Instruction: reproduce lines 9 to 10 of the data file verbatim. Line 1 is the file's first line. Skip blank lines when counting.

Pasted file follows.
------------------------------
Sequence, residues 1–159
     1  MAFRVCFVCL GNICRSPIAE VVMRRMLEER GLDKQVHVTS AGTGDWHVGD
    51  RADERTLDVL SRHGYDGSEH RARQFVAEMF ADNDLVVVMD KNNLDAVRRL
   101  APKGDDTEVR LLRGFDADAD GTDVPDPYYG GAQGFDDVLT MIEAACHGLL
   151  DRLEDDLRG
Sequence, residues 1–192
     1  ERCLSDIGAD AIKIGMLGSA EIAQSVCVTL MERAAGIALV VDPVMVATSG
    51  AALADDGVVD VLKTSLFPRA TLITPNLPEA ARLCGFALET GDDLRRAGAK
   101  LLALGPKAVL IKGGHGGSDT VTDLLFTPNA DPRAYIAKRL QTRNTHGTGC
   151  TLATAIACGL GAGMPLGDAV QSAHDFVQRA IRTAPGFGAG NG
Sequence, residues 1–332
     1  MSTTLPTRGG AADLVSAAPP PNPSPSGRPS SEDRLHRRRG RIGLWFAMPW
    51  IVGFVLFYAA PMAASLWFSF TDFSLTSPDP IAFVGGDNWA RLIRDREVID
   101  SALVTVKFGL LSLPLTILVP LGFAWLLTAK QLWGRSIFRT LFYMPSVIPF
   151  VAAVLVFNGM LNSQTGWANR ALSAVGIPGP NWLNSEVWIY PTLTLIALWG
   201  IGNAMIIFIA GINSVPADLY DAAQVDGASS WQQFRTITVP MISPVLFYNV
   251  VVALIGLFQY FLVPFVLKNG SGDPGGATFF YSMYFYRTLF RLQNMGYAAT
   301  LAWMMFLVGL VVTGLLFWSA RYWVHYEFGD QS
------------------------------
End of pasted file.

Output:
   101  LLALGPKAVL IKGGHGGSDT VTDLLFTPNA DPRAYIAKRL QTRNTHGTGC
   151  TLATAIACGL GAGMPLGDAV QSAHDFVQRA IRTAPGFGAG NG